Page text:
Korte violetstraat, Brussels

On a walk around the neighborhood just south of the Grand-Place (Grote Markt in Dutch) in Brussels, I came across the gate to ‘Little Violet Street.’

Halfway down the pedestrian way, an elephant gable stone marks the site of the 16th century “Old Elephant” tavern. (Click the photos to enlarge them.)

Gable stones are carved and often painted stone tablets set into exterior walls of buildings. Coming into use in the 16th century, they both identified (in the days before house numbers) and decorated homes and businesses. They can be found in many northern European cities, like Brussels, Amsterdam, Maastricht, Lille, and Copenhagen.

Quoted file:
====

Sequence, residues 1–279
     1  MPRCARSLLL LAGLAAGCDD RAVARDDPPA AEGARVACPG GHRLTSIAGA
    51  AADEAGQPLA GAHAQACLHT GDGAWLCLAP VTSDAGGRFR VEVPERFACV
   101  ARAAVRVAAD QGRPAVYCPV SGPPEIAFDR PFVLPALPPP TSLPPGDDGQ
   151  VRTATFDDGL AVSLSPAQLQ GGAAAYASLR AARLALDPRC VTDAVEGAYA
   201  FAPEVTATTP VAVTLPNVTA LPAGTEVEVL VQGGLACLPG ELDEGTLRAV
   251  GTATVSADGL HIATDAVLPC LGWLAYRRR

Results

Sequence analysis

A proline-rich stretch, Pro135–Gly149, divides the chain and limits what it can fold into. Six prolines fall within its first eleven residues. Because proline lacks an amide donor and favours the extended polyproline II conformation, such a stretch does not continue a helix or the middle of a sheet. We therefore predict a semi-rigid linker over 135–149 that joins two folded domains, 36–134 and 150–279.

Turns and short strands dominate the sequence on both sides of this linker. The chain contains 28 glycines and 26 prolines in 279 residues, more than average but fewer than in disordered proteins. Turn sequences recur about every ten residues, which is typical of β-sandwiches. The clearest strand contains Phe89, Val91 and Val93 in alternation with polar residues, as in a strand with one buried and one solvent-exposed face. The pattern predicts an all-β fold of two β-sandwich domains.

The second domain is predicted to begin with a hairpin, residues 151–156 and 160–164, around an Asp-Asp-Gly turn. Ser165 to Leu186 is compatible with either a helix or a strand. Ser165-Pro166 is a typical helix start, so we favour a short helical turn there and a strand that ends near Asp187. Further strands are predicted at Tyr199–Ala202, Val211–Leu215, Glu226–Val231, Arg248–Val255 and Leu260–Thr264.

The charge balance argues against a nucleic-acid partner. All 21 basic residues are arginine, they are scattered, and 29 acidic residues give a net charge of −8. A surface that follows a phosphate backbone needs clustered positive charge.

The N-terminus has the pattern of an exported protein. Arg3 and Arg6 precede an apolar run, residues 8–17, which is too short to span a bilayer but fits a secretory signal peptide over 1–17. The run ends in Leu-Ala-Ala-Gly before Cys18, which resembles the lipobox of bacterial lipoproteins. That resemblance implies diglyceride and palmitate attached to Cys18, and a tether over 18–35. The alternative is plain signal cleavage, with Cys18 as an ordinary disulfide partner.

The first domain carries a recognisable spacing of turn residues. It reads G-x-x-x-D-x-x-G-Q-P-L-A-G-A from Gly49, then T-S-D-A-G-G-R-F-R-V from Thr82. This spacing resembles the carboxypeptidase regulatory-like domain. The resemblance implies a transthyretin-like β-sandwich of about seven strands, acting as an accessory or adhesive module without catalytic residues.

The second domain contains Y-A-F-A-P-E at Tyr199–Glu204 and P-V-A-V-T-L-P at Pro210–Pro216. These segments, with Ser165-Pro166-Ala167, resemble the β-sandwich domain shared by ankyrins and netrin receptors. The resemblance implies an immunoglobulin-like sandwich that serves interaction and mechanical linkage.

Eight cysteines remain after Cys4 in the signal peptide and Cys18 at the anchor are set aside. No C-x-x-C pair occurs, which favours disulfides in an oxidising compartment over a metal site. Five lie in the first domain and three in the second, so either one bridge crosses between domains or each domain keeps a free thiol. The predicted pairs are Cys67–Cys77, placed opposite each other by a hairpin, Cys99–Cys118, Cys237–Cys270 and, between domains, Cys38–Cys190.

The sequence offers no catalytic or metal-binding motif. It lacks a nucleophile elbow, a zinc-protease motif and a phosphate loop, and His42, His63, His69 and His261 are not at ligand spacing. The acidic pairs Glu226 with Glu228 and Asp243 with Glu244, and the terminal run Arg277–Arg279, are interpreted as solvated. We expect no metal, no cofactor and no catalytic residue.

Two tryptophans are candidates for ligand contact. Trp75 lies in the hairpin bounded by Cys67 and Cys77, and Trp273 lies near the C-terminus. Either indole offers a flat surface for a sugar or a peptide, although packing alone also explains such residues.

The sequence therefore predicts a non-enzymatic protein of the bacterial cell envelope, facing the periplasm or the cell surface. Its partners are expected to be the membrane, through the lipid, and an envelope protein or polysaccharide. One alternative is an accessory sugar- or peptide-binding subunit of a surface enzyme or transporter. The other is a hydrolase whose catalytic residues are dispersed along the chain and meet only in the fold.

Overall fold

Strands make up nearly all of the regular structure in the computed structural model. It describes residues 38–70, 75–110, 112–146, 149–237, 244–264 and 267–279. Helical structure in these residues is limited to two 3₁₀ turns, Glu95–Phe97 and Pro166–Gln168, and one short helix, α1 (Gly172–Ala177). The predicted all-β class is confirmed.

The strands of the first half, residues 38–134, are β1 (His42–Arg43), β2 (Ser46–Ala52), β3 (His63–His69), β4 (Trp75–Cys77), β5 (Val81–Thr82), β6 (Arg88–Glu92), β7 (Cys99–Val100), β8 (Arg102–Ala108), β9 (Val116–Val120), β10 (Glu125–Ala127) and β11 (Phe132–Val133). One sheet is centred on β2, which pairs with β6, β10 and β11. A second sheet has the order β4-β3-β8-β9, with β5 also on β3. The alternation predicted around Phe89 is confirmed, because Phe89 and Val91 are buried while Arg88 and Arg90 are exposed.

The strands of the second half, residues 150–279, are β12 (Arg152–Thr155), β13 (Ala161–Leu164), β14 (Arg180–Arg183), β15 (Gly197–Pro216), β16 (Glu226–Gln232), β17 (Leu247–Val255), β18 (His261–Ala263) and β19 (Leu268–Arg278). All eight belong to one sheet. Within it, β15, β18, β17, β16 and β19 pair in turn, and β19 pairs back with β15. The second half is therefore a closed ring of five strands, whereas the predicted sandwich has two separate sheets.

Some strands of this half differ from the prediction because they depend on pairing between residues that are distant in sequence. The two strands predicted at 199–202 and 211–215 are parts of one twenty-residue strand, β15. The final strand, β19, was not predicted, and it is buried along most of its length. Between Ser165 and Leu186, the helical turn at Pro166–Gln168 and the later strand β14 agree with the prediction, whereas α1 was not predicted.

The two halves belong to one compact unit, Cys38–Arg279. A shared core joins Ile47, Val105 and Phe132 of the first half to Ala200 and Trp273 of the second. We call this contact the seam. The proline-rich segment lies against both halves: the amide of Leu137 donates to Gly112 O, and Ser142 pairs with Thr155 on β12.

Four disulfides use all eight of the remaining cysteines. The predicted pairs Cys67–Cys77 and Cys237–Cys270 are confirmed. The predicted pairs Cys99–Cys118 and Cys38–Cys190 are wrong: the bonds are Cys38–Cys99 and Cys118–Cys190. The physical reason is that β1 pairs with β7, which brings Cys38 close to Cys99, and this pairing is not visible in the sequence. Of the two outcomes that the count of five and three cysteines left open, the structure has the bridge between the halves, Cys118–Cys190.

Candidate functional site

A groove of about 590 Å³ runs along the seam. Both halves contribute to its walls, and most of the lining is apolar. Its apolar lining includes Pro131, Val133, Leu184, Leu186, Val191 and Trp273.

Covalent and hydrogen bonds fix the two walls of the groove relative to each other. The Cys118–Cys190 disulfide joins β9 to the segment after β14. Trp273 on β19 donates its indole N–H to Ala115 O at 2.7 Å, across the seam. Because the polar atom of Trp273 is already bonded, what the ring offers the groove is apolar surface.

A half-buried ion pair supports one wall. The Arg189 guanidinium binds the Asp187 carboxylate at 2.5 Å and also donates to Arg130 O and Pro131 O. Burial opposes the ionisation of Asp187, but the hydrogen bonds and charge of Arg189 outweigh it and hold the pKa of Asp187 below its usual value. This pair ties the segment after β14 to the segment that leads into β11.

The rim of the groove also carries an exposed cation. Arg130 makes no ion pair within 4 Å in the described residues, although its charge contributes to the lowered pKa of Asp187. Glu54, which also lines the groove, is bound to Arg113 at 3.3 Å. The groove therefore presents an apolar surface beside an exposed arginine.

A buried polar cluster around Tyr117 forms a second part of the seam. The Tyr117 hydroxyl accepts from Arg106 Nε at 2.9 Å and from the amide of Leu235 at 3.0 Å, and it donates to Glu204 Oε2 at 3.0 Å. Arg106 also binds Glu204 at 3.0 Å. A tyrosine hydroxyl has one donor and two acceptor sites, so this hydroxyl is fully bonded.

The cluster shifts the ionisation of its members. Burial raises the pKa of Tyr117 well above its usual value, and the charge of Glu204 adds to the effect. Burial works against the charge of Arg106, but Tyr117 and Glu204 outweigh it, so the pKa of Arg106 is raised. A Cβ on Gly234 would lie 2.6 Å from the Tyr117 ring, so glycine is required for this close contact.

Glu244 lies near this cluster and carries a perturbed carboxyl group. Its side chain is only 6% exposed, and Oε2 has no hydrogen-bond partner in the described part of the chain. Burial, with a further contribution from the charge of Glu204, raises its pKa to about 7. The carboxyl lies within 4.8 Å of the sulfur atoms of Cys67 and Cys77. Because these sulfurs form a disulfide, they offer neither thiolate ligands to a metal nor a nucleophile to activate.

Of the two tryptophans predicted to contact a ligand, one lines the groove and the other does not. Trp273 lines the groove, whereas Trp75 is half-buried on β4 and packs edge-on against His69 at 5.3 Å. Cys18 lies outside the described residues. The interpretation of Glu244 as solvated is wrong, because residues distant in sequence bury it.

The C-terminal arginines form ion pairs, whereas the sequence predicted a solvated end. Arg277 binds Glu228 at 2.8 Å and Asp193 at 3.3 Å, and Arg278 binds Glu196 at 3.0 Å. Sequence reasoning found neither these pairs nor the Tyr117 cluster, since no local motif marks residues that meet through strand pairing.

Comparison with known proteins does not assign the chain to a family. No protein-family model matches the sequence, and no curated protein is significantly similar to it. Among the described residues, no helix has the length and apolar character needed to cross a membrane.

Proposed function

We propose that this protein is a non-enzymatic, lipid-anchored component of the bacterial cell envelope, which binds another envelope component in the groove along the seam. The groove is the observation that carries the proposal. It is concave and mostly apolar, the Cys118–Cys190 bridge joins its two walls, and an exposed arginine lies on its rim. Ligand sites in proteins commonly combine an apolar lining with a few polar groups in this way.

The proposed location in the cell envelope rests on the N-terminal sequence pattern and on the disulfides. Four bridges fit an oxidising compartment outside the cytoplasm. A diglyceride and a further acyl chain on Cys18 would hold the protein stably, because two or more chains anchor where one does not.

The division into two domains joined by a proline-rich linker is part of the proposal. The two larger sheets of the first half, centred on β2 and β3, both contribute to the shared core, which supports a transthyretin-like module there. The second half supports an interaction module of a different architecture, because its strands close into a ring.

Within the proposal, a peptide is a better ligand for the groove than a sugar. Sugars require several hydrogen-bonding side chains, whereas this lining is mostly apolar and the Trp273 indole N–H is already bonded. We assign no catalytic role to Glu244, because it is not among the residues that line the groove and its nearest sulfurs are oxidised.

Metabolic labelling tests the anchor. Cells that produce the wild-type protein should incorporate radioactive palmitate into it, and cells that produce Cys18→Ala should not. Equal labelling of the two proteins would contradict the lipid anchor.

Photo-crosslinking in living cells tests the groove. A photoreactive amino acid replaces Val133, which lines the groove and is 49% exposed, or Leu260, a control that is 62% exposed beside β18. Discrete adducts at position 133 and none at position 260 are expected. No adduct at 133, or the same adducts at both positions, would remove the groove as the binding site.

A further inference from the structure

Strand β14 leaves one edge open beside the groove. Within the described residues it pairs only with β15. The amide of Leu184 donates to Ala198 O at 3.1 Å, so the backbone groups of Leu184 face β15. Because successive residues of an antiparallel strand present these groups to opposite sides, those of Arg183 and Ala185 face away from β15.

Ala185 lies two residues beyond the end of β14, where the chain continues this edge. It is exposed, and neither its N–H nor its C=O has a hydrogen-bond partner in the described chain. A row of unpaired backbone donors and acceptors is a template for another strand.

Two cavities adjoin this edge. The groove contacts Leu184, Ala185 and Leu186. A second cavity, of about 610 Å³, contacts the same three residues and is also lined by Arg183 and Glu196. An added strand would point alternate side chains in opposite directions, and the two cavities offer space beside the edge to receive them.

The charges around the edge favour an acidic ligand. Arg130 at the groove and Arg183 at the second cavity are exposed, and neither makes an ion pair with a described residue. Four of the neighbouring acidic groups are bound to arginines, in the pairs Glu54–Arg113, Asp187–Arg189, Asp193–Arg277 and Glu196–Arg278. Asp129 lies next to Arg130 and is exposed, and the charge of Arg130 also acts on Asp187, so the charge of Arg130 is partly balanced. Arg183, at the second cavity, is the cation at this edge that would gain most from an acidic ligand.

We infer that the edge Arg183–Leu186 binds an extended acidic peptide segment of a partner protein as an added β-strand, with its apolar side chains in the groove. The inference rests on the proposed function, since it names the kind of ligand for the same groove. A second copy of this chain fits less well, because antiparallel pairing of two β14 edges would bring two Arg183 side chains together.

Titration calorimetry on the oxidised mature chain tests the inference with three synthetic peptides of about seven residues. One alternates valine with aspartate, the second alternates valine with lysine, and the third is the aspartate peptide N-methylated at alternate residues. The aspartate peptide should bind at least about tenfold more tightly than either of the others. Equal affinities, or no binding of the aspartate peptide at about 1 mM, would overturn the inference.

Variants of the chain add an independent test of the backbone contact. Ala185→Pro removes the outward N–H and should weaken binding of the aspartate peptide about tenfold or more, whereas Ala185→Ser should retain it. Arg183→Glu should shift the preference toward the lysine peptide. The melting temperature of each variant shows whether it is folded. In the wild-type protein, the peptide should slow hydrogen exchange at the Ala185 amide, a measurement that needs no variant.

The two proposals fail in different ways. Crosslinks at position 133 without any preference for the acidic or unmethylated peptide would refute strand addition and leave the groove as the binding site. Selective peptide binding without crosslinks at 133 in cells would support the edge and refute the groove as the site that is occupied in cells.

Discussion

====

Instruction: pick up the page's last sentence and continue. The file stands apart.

According to Wikipedia, “they normally combine a picture with an inscription, or sometimes just a date. Some illustrate the name or profession of the owner, for instance a quill pen as a badge for an author, or a ship for a sailor. Some are named after notable people (The King of Bohemia) or faraway trading destinations (Königsberg). Some stones act as talismans, quoting from holy scripture.”

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